CHOICE reveals shrinking food sizes without shrinking prices

Posted by AFN Staff Writers on 13th July 2015

ChipsThe leading Australian consumer advocacy group, Choice, has found further examples of food companies continuing to downsize packaging without lowering prices.

In a recent blog post, Choice said that Smith’s crinkle cut potato chips have gone from 175 grams down to 170 grams. This equals approximately three chips less per packet.

Smith’s owner,US company PepsiCo, has reportedly said it decided to make the packets smaller in order to deal with increasing manufacturing costs.

Choice said that no warning of the change was given and the new packets have been on shelves since earlier in 2015.

The company’s Red Rock Deli chips also went from 185 grams to 165 grams in 2014 without a price drop.

Same Outer, smaller Inner

Choice said recent packaging reductions have also been made by Cadbury. These consist of:

  • Cadbury’s decision earlier in 2015 to reduce the size of Freddo Frogs from 15 grams to 12 grams without changing prices.
  • Cadbury changing the size of its family chocolate block in February 2015 from 220 gram to 200 grams. It had previously changed it from 250 grams to 200 grams in 2009 and then put it back to 220 grams in 2013.

Choice pointed to recent changes made by food companies to the size of breakfast cereal inner packaging packaging but not making any change to the outer box packaging, and reducing chocolate bars sizes but not the actual number of pieces included in a bar.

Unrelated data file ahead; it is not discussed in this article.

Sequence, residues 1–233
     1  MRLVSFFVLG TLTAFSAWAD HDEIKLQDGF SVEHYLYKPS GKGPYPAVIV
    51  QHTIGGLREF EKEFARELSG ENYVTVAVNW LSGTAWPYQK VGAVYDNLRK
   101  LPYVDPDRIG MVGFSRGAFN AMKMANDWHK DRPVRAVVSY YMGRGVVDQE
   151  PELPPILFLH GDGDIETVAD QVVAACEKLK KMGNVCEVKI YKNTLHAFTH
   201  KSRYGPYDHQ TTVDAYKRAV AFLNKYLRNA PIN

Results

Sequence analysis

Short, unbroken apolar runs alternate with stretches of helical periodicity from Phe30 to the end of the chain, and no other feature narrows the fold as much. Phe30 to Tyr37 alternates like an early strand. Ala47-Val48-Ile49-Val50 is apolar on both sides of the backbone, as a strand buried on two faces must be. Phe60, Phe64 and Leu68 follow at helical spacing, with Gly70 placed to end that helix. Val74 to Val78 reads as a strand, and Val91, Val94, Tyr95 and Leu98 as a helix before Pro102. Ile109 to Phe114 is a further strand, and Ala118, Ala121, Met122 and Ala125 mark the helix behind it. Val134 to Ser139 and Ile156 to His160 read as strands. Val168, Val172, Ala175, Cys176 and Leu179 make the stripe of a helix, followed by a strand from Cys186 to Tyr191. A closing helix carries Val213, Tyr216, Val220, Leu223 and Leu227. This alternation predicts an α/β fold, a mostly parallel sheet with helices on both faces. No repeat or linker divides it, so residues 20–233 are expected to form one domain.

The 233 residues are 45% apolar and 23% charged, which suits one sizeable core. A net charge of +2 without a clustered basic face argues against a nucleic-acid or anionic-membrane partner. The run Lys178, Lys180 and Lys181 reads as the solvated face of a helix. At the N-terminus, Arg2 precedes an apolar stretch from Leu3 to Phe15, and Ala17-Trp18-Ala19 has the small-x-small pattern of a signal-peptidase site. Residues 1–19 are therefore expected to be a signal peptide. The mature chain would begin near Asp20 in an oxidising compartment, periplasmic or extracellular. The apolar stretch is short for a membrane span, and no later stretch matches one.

New campaigns may offset PR concern

Interestingly, one of the supermarket groups is running a TV promotion for its Red Spot specials featuring the same Red Rock Deli chip products that Choice had identified, while Cadbury is running a big winter campaign for its chocolate bars as a major advertiser on the very popular ‘The Voice’ music talent discovery TV show.

Is America worse than Australia when it comes to package downsizing?

In 2011 the New York Times reported that American companies struggling with the aftermath of the 2008 financial crisis had been turning to package reduction.

A few years later In 2014 the trend was continuing with The Boston Globe finding examples of ‘1-pound coffee’ (approximately 450 grams) actually containing only 11 ounces of coffee (or approximately 311 grams) and a brand of hot dogs which was advertising to be 1 pound only contained 14 ounces (approximately 396 grams) of hot dogs.